My husband is not a fan of quiche. On the other hand, I have A LOT of eggs in the fridge. I made cream puffs, chocolate pudding (have to make that again - that was gone in a jiffy), I added egg yolk to my cheese sauce for pasta, we ate eggs for breakfast....but when it came to quiche, the poor man just made a face.
I made a no egg dinner: cooked rice on the stovetop with tomato sauce, tomato paste, a whole lot of chili powder, black beans, onion, corn, and garlic, then laid a layer of refried beans and some cheese and popped the whole skillet in the oven to broil a bit. It was quite good, actually - but used absolutely no eggs.
Minnie is still quite pregnant, so it looks like my estimate of another week or two, which I thought I might have to move up, really was correct.
Only one kid is still sick, and I am starting to get worried about him. His dad is taking him to the doctor today, though. After being sick for almost a week, he developed a high fever, which seems scarier than starting out with the fever and continuing to be sick for a week. It seems backwards, and possibly indicative of a nasty secondary infection. He looked like curdled milk yesterday, and had to miss Confirmation. I called my student, who is also preparing for Confirmation, and she scanned and sent back a note from the teacher that Teddy should not miss anymore classes. Hello? He had a 102.5 fever! You want him to get everyone sick? I know I have been guilty of it as a teacher, too, but everyone thinks their particular aspect of a kids' life is the most important aspect.... She is a volunteer, first year catechist, so I can understand her issues - Confirmation is in four weeks, but still....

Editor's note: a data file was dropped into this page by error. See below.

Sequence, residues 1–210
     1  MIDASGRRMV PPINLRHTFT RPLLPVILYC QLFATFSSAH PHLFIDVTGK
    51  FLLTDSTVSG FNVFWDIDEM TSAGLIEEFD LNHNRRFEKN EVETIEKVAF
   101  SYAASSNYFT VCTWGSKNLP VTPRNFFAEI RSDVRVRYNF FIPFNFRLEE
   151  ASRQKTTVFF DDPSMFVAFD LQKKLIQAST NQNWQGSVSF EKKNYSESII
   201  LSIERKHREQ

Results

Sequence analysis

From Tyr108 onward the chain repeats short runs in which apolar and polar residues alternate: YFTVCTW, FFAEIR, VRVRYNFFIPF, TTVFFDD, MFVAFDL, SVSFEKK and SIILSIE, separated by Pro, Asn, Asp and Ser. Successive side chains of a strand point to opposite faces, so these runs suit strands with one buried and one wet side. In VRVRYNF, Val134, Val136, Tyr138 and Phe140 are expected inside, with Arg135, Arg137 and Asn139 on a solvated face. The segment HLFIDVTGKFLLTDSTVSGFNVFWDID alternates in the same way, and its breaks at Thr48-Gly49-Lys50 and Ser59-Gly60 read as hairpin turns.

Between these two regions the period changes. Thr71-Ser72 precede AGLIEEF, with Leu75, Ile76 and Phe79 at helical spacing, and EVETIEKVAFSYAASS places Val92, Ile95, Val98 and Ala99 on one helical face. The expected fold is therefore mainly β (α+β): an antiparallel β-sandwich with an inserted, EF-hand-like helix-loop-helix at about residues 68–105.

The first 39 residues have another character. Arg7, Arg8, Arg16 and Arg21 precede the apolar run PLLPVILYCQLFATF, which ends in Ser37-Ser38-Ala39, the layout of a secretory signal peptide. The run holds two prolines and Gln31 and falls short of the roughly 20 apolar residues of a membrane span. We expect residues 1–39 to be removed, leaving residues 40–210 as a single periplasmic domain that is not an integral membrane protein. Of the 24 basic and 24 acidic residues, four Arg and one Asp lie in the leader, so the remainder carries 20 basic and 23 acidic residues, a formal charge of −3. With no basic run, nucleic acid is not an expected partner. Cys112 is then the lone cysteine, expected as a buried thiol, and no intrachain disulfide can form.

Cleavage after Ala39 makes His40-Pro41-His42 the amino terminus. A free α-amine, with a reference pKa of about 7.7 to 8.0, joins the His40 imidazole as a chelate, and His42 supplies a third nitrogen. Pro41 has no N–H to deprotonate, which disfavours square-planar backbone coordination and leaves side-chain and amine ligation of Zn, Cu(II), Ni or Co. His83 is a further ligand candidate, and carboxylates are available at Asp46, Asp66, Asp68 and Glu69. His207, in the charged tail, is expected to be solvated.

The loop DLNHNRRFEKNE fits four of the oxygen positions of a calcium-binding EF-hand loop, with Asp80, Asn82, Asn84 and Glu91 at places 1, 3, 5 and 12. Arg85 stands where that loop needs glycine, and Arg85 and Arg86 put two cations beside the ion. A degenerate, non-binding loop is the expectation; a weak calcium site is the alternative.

There are only 7 1/2 weeks left of this school year: one more round of 10th grade testing, Prom, Career Day, Graduation, and Ho'olaule'a to get through. In the midst of all this activity, I have to keep teaching and pushing kids to do more than they think they can do. I have a lot of plants to start - I am already late with my beans! My husband works on infrastructure, so he wants to think (a lot) before he does things, which means every year, my garden is late and rushed, because I am not even allowed to prepare it by hand - he is going to use the tractor, so try wait, eh (he doesn't speak pidgin, I am just being irreverent). This year, at least, I have the greenhouse, due to his excellent thinking (a lot) and then doing.
I am not complaining - I can now walk to the chicken coop without stepping in mud, and the sheep can walk to the pasture without stepping in mud, and we found the reason for all the mud (more than the rain) - a busted pipe that led from the roof to the water trough (water catchment), but I really, really want a much bigger garden than I have ever had before!
By the way, last week was my students' debut on a student created news show which airs on our local PBS. We're kind of novice and have nowhere near the equipment that many of the other schools have, but you can see our episode here.
It's particularly cool because the "Home School" who does the in-between sections did all the commentary in the Ni'ihau dialect of olelo Hawaii. They do provide English subtitles!